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Why Inheritance Tax planning is still important

Posted on 26th March 2021 in Later Life Planning

Posted by

Rachael Morley

Associate and Solicitor
Why Inheritance Tax planning is still important

The inheritance tax threshold has been frozen until 2026, making it clear that inheritance tax planning is still important.

If you intend to leave savings, property or other assets to family or friends after you die, you need to consider the impact of inheritance tax (IHT). With the rate of IHT set at 40% for most estates above the thresholds, it is important to plan ahead, so that you can minimise IHT and ensure as much of your estate as possible reaches your loved ones.

Understanding the tax-free allowance 

The Inheritance Tax-free allowance, known as the ‘nil-rate band’, allows your beneficiaries to inherit up to £325,000 of your estate without incurring Inheritance Tax. It is possible for up to another full threshold to be claimed in certain circumstances.

If you are leaving property to a family member, the main residence nil-rate band may also apply. This is an additional Inheritance Tax-free allowance that you can use if, broadly speaking, you pass on a property that you have lived in to your direct descendants, for instance, your child or grandchild outright. Currently, the main residence nil-rate band stands at £175,000 maximum, but again it is possible to claim an additional residence nil-rate band in certain circumstances.

On any amount above the thresholds which apply to your estate, the standard 40% inheritance tax rate may apply.

 

Inheritance tax threshold frozen until 2026

Whilst the nil-rate band has remained the same since 2010/11, the main residence nil-rate band usually rises each year with inflation. The next increase was due this April, however, it was announced in the 2021 budget that the IHT thresholds would be frozen until 2026. A five-year freeze is significant in IHT planning as it means that, in real terms, it is likely that more of your estate will be pushed above the thresholds as the years go by. It is advisable to review your situation in light of this announcement.

 

Planning for IHT

Most of us want the wealth we have accumulated over our lifetime to be put to good use by those we leave it to. Sadly, when end-of-life financial plans are not put in place, a large portion of assets can be diverted away from the intended recipients. However, with careful preparation, you can ensure as much as possible of your estate reaches your loved ones. As IHT planning can be complex, it is best to seek professional advice, but here are some of the steps you can take:

 

Pool your allowance with your spouse or civil partner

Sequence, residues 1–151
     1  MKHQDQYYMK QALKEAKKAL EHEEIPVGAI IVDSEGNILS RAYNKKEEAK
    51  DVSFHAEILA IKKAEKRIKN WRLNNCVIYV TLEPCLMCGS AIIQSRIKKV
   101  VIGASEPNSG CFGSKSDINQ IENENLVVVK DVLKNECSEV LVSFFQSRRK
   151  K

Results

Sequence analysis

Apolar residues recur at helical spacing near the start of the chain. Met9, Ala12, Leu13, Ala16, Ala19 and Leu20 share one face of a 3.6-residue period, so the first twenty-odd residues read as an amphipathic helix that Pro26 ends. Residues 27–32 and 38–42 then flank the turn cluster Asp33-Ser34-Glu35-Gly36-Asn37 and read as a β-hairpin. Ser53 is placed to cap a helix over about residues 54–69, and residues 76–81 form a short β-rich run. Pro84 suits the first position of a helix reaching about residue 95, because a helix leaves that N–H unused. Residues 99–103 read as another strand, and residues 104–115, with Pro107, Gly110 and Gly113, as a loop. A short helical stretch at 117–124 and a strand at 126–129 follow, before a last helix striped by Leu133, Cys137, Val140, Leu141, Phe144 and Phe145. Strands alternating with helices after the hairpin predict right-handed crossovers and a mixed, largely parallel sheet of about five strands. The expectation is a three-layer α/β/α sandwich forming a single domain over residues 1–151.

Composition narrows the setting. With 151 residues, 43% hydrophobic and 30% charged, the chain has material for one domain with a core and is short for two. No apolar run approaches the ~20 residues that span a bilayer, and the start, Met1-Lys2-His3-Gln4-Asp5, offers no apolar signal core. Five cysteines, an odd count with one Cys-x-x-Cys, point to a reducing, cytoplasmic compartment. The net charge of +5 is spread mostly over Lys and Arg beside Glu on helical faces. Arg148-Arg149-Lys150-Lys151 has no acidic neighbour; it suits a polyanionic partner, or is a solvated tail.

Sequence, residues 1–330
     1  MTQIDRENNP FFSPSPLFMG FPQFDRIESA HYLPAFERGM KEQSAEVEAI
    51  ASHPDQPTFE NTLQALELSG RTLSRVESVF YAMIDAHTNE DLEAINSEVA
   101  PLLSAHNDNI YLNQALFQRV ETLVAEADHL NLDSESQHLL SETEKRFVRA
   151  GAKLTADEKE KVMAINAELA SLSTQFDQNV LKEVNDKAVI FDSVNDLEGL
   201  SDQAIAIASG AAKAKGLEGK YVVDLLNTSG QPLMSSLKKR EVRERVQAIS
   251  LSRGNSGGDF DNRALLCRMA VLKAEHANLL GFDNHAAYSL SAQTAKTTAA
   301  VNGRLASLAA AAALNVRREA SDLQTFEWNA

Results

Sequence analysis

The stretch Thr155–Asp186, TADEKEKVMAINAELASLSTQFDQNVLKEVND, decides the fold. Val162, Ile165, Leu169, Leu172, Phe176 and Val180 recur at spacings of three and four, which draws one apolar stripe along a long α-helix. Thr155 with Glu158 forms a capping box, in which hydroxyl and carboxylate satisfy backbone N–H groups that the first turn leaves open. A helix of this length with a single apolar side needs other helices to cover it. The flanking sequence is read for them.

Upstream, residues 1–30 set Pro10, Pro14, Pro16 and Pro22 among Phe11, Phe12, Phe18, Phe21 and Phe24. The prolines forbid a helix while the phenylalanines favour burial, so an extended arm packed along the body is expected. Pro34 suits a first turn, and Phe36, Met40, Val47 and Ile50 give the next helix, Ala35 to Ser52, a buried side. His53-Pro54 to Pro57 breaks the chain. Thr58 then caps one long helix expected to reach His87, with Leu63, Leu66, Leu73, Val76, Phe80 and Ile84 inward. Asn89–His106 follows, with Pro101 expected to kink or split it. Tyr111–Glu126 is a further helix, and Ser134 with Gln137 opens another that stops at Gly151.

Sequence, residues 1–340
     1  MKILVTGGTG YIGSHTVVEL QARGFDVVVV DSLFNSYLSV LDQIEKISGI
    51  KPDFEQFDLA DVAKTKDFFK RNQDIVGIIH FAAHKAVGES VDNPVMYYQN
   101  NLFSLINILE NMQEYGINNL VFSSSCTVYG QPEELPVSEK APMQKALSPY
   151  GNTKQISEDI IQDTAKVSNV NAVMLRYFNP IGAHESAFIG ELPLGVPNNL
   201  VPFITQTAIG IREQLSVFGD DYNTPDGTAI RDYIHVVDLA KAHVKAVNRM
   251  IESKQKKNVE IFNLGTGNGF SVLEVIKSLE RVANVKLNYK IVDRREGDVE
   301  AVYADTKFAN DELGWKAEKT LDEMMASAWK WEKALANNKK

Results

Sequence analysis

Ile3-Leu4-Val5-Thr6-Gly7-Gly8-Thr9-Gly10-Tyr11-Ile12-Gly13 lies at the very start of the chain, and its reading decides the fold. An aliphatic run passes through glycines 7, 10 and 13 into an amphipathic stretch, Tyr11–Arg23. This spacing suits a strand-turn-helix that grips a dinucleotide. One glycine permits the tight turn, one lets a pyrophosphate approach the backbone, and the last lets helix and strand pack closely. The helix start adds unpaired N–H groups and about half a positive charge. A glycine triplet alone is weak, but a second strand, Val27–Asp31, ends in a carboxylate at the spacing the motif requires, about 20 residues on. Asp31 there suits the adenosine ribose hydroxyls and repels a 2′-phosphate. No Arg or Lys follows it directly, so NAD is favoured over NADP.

Spouses and civil partners usually inherit free of Inheritance Tax from their partner. Additionally, they can make use of the nil-rate allowances their partner was entitled to.

If your spouse or civil partner left some of their estate to you, you could apply your own and perhaps a portion of your partner’s Inheritance Tax-free allowances when you pass on your estate.

 

Make a gift to loved ones

Gifting money or other assets before you die can reduce how much Inheritance Tax will be due on your estate. However, this must be done carefully as the timing of any gift is crucial, with the Revenue still taking into account any outright gifts made in the seven years before your death.

It is also crucial to seek professional advice depending on your particular circumstances. For example, some kind of gifts – a classic example being giving away your home but still living in it – will never escape your estate for Inheritance Tax purposes. There are ways and means to deal with matters, but you would need specialist help.

 

Leave money to charity

To encourage charitable donations, assets left to a qualifying charitable body are exempt from IHT. Moreover, if you leave at least 10% of the value of your estate that surpasses the nil-rate bands to charity, you can reduce the IHT rate due on the remainder from 40% to 36%.

And there are more exemptions and reliefs which may apply, depending on your circumstances. Many of these have key boxes which you will need to tick to access the benefit of the exemption or relief so, when planning for the future, it is vital to seek professional advice.

 

For any help or advice on anything covered here, or for further support with inheritance tax and later life planning, please contact our dedicated Later Life Planning team.

Contact our expert team

 


 

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